As a kid, corn was a big part of my world. We grew field corn and sweet corn and my dad sold Pioneer seed corn. I even had corn pajamas and my favorite book was What Now, Kirby Kernel? Yes, the main character was a kernel of corn. No wonder I grew up to be infatuated with plants and agriculture.
Most of our farm’s income was from field corn and soybeans, but we grew and sold sweet corn too. That profit, however, did not go to the farm. My brothers and I were the CEO’s of the sweet corn operation. We picked it and sold it in front of the house, and the income was our fun money at the Iowa State Fair. The profits were not high, though. We sold it for $1/baker’s dozen.
Many Iowans can recall a similar story. Even those not from a farm have some childhood memory of sweet corn. They remember buying it out of the back of a pick-up truck, helping their parents shuck it, and, of course, eating it while butter and corn juice ran down their face.
As a young adult, I lived in many places before settling back in Iowa. Corn was a frequent topic of discussion with my east-coast, southern, and even urban Midwest friends. As soon as they found out I was from Iowa, most would mention their love of sweet corn. My friends thought the fields they’ve seen in movies, pictures or while driving along I-80 were filled with sweet corn. I quickly explained the difference between field corn and sweet corn and pointed out the many uses of the corn grown throughout Iowa. They were surprised and fascinated by its many uses. Without it, they wouldn’t have hamburgers, eggs, and bacon (livestock feed), fuel for their cars (ethanol), Doritos, or frozen pizza. Frozen pizza? Corn starch keeps the crust from getting soggy.
Although Iowa farmers do raise some of the best-tasting sweet corn in the country, less than 1% of the corn in our state is sweet corn. Iowa reigns queen in field corn production, but Minnesota, California, and Florida are the royal court in the sweet corn world. Iowa doesn’t even make the top 20 list.
Most of the sweet corn grown in Iowa is sold fresh within the state at farmers’ markets, grocery stores, and road-side stands. The fresh, frozen, and canned corn we eat the rest of the year comes from other states. Minnesota, Wisconsin, and the Pacific Northwest states are home to many major vegetable processors. These companies contract farmers in their areas to grow the corn we buy frozen or canned. Most fresh sweet corn sold in grocery stores from January to June is grown warmer states like Florida, California, and Georgia because of their long-growing season. Farmers in northeast states like New York and Pennsylvania grow the bulk of the fresh corn sold across the country in the summer and fall.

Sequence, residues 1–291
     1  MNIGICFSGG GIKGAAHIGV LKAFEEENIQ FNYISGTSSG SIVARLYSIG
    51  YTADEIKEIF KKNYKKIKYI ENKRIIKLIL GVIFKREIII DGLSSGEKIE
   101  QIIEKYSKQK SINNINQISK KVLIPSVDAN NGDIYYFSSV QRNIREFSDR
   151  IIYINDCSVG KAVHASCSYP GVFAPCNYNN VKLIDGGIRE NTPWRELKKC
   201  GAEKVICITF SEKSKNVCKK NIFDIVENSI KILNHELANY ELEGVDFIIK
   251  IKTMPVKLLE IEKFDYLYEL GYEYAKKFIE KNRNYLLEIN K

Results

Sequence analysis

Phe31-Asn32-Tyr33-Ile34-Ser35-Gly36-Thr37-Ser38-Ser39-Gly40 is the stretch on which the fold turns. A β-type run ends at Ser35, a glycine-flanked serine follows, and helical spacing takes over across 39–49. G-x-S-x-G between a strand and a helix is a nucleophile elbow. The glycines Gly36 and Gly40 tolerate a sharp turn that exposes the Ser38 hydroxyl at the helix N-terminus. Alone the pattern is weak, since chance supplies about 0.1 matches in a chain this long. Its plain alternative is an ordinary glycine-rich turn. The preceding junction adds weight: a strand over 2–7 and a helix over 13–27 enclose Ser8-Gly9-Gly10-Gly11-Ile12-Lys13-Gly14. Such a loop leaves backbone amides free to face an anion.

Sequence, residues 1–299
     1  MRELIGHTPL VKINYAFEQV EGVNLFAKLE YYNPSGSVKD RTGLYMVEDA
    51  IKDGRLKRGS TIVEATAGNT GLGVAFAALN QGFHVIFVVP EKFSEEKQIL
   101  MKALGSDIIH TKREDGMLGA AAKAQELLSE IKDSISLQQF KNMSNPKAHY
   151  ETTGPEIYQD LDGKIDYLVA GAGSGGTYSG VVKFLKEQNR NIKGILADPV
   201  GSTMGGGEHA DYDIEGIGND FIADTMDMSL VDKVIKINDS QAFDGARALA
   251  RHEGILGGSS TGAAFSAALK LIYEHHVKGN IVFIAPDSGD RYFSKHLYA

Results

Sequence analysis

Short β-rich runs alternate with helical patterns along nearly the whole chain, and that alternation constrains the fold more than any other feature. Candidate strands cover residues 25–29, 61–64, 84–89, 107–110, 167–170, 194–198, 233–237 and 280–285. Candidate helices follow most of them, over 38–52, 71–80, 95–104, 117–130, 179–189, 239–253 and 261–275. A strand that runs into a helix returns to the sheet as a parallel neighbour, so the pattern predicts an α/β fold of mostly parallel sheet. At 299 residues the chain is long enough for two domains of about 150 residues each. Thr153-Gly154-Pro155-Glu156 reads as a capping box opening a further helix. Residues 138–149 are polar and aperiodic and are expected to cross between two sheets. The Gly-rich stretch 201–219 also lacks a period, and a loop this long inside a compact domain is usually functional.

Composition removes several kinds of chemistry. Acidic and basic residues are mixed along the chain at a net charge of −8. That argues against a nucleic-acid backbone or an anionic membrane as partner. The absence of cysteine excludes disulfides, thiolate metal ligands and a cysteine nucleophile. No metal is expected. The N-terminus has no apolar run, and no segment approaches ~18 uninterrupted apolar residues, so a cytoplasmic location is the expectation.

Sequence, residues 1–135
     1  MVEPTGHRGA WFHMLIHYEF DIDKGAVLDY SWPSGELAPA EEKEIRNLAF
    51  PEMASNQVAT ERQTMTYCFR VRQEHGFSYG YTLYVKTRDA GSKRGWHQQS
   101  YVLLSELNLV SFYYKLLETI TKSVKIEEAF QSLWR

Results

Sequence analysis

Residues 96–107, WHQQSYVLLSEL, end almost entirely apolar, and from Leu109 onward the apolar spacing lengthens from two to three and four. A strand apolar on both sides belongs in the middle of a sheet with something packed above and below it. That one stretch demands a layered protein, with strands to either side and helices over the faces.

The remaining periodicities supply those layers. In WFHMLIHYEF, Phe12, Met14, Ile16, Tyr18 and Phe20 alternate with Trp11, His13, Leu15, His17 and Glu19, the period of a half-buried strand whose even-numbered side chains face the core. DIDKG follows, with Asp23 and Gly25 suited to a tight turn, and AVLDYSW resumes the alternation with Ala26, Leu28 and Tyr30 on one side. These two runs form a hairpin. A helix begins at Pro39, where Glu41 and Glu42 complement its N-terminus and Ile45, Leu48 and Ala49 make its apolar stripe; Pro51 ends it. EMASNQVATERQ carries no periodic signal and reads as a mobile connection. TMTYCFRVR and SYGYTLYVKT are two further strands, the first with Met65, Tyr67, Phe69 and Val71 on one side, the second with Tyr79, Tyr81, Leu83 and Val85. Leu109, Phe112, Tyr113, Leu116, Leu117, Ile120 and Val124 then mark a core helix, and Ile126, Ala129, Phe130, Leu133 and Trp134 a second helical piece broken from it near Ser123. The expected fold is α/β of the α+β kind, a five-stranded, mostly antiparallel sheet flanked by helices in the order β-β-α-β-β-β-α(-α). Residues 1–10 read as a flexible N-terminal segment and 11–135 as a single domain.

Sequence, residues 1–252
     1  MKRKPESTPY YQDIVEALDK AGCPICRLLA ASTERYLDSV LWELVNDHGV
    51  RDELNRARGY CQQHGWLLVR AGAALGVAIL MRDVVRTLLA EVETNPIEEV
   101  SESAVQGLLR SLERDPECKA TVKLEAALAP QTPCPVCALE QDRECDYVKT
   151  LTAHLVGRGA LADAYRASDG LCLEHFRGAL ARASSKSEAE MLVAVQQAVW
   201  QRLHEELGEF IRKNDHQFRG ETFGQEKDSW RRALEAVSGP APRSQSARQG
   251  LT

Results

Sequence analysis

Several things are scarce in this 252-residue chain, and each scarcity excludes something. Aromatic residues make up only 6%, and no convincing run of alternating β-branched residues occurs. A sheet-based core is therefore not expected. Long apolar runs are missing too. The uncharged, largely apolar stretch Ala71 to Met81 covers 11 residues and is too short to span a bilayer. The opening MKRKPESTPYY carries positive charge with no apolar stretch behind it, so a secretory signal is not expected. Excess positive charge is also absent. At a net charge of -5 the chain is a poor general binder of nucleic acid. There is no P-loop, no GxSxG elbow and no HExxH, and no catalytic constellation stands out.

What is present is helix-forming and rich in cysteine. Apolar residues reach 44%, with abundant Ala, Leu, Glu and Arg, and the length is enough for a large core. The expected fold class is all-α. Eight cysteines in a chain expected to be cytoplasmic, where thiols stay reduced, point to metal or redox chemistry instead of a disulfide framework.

Although one is considered a vegetable and the other a grain, sweet corn and field corn are close relatives. Sweet corn is a naturally occurring genetic mutation of field corn. It was reportedly first grown in Pennsylvania in the mid 1700’s and introduced as a commercial variety in 1779. The main difference between the two lies with the plants’ conversion of sugar to starch. Sweet corn matures faster and is harvested earlier, while the kernels are moist and sugary. This is called the milk stage. Field corn is harvested after the plant dies and the kernels dry down to 15-25% moisture. Although field corn can be picked and eaten in the milk stage, it is not nearly as sweet and tender as sweet corn varieties.
My sweet corn selling days are over, but my dad still grows some each year. My family gathers at the peak of the season for a sweet-corn freezing party. Everyone is involved. My dad and brothers head to the field early in the morning to pick. My kids, nieces, and nephews enjoy shucking the corn with grandpa, and the rest of us are busy from mid-morning through evening cutting, boiling, and bagging corn. The experience has turned my young children into little corn-snobs, who refuse to eat canned or frozen corn from the grocery store. I agree that Iowa-grown sweet corn is the best there is!